SAN DIEGO, April 22, 2012 /PRNewswire/ -- Atmospheric oxygen facilitated the evolution and complexity of terrestrial organisms, including human beings, because it allowed nutrients to be used more efficiently by those organisms, which in turn were able to generate more energy. However, as we find out more about how oxygen molecules work inside the body, more attention is being paid to their not-so-good effects, and researchers are seeking ways to thwart them.
A number of environmental factors -- such as pollution, cigarette smoke and radiation -- can turn the oxygen molecules found in mitochondria, the power plants of cells, into free radicals. These unstable molecules destroy virtually all the normal molecules forming cells, such as lipids, proteins and even DNA, by turning them into free radicals, too. This destructive phenomenon is associated with aging and occurs in a variety of diseases, including hypertension and diabetes, which represent major challenges for health systems due to their great social and economic costs. Those costs have motivated scientists worldwide to undertake intensive searches for substances that bolster cell resistance to the harmful effects of free radicals.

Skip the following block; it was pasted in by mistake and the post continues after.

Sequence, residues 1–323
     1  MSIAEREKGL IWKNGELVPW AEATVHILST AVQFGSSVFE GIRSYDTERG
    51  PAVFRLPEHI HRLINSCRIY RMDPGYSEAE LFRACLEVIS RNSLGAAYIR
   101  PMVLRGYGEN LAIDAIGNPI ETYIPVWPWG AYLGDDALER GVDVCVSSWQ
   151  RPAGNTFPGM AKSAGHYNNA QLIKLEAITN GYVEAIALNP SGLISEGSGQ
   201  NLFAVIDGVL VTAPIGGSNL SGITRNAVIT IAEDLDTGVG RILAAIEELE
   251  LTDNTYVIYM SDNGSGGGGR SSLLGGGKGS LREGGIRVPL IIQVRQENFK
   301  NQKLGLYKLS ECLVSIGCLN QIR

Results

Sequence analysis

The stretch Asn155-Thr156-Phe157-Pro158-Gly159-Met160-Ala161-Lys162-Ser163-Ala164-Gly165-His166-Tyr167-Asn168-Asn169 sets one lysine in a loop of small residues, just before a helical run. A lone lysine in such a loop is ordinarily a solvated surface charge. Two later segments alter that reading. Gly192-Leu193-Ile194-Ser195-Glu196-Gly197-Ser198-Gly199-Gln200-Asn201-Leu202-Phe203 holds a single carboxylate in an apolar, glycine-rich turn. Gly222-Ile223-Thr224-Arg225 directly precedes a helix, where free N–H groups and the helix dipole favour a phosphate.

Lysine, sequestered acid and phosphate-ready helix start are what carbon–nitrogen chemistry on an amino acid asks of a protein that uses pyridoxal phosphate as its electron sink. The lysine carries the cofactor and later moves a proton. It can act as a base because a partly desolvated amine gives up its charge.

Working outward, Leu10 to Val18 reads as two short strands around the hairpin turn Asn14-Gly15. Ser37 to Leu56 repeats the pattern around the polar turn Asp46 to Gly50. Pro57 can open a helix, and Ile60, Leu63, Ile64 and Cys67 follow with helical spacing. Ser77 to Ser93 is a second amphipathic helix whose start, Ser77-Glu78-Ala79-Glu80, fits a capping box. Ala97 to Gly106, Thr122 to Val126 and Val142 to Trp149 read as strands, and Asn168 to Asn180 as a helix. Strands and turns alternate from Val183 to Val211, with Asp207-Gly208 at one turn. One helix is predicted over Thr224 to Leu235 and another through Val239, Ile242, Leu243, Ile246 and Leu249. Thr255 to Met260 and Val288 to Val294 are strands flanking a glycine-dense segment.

Many studies of antioxidants in vegetables and fruits, such as carrots and tomatoes, have been completed with few encouraging results, says Christian Cortes-Rojo, a researcher at Universidad Michoacana de San Nicolas de Hidalgo in Morelia, Michoacan, Mexico. "The problem is that the antioxidants in those substances are unable to enter mitochondria. So free radicals go on damaging mitochondria, causing energy production to stop and the cell to collapse and die. An analogy would be that, during an oil spill, if we cleaned only the spilled oil instead of fixing the perforation where oil is escaping, then the oil would go on spilling, and fish would die anyway."
But Cortes-Rojo is prepared to reveal next week the first research results showing the protectiv
|SOURCE American Society for Biochemistry and Molecular Biology|
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